Buenaventura pledges to unite council in return to Daly City mayor’s seat 

click to enlarge Judith Christensen
  • Brendan P. Bartholomew/Special to The S.F. Examiner
  • City Councilwoman Judith Christensen says Daly City should adopt new regulations that allows the longest-serving council member who hasn’t been mayor to take the post.

Ray Buenaventura has been appointed to a second term as Daly City's mayor, pledging to unite a City Council that has engaged in disputes including the very process that selected him mayor.

Buenaventura, who was re-elected to the council in November, was chosen for the mayoral position in a 3-2 vote Tuesday. Re-elected Councilman Mike Guingona and newly elected Councilwoman Judith Christensen, who both called for changes in how the mayor is chosen, dissented.

The choice of vice mayor was not controversial, with Councilman Sal Torres being the sole nominee.

Daly City operates under the council-manager form of government, in which the unelected city manager is the town's chief executive officer and the position of mayor is largely ceremonial. Unlike many cities that have fixed schedules for rotating council members into the mayor's role, Daly City has relied on a less formal model, in which council members can be nominated to serve as mayor in no particular order during the reorganization process. The council members then select the mayor with a vote.

When outgoing Mayor David Canepa on Tuesday nominated Buenaventura to be his replacement, Guingona fought to have a discussion before the council could vote, and Christensen made a competing motion to nominate Guingona for the mayoral seat.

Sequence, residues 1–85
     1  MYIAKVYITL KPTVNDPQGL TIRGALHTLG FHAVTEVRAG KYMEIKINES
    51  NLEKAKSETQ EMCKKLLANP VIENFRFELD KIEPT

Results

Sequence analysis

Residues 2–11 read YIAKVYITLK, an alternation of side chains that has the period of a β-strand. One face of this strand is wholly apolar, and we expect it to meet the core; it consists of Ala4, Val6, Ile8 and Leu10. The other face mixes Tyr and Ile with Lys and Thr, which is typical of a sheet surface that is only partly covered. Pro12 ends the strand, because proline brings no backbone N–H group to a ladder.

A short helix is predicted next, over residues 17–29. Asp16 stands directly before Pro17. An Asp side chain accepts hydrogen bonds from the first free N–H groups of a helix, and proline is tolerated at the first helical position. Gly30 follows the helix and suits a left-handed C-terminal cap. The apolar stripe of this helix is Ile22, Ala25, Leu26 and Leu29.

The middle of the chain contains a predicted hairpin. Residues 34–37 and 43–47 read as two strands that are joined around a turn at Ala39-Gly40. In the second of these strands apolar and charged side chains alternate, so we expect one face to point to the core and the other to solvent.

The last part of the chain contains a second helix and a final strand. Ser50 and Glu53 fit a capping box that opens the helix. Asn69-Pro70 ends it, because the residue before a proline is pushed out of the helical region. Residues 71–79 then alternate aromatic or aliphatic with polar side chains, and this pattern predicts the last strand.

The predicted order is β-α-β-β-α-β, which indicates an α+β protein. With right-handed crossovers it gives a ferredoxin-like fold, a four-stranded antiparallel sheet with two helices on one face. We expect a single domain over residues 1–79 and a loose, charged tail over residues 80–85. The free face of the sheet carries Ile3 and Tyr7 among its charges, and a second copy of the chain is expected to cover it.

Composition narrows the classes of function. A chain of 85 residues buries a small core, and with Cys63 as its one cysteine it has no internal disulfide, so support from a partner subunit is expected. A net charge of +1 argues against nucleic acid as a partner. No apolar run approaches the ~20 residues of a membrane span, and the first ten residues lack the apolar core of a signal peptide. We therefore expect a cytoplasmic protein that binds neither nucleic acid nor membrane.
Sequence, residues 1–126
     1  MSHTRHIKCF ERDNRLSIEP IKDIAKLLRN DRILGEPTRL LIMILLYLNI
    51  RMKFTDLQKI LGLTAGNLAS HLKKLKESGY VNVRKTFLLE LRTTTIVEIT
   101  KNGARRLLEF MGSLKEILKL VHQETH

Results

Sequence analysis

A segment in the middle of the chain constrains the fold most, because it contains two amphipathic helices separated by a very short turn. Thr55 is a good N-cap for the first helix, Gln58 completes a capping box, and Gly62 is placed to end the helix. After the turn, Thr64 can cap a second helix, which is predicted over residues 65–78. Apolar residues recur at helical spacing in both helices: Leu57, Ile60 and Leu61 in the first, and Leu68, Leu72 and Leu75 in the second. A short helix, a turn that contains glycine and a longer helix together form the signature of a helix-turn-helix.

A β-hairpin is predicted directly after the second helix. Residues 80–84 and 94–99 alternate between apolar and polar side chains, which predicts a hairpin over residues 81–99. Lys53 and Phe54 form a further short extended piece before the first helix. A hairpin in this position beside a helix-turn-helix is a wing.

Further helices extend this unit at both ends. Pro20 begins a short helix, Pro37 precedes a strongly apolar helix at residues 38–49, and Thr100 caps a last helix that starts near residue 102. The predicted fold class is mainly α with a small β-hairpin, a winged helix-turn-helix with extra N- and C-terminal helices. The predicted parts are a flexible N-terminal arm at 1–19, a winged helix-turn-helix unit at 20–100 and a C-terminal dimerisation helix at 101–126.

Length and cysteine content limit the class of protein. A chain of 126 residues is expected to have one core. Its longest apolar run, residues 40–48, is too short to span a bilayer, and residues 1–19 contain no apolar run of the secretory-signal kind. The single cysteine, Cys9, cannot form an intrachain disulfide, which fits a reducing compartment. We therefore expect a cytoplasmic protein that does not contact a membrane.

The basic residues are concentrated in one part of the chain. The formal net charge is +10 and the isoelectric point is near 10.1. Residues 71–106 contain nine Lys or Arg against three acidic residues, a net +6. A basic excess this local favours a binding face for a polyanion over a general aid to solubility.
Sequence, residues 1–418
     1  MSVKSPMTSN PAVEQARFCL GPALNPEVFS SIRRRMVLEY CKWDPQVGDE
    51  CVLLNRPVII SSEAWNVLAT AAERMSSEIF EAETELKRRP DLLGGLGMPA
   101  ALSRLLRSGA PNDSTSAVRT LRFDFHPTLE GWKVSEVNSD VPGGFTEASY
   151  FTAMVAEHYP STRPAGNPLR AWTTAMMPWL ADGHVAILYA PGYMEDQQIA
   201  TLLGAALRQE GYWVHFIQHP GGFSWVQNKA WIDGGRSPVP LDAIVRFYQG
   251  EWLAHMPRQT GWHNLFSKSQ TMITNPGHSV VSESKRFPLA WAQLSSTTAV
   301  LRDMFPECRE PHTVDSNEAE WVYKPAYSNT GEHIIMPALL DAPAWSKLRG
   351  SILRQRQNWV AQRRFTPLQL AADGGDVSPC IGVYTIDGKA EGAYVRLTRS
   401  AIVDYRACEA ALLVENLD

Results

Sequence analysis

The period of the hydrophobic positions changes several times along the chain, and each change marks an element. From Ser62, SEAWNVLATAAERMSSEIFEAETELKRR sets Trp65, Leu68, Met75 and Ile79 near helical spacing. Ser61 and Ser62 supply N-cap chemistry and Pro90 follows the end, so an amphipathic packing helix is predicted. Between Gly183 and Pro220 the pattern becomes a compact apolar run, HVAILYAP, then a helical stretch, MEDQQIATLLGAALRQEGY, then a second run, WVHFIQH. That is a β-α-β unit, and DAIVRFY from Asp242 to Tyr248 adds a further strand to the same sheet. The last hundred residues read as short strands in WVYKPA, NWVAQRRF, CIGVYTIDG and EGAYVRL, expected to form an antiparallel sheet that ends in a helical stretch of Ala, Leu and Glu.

Christensen argued that the council should adopt a standard rotation schedule to determine who would be mayor, a sentiment with which Guingona agreed. While Buenaventura most recently served as mayor one year ago, under Christensen's proposed rotation schedule, the member who has served the longest without being mayor would be next in line for the position, regardless of nomination.

"We would avoid all this strife by having a structured process," Christensen suggested.

During Canepa's 12 months as mayor, Guingona frequently clashed with him on issues ranging from proposed city laws to points of parliamentary procedure. In an oblique but clear reference to the acrimony that has occurred between some council members, Buenaventura said, "We are all better off if we are united and not divided."

The new mayor continued: "United does not mean we all agree, but divided does mean we can't talk to each other. I will try to unite us."

Canepa also adopted a conciliatory tone on the issue, calling Guingona "an institution in this city."

Referring to his often-strained working relationship with Guingona, Canepa said, "Hopefully we can move this thing forward."

Torres praised the outgoing mayor for getting Daly City through "a very difficult year," during which the town faced "one of its worst fiscal challenges" in years. Buenaventura noted that Canepa took pride in being mayor, brought boundless energy to the job, and accomplished a lot during his one-year term.

Christensen, who previously served on the council from 2004 to 2008 and then lost a bid for re-election, got a big laugh from the audience when she paid tribute to Canepa by saying, "We ran against each other [in 2008] and he whipped my ass!"

Pin It
Favorite

More by Brendan P. Bartholomew

Latest in Peninsula

© 2018 The San Francisco Examiner

Website powered by Foundation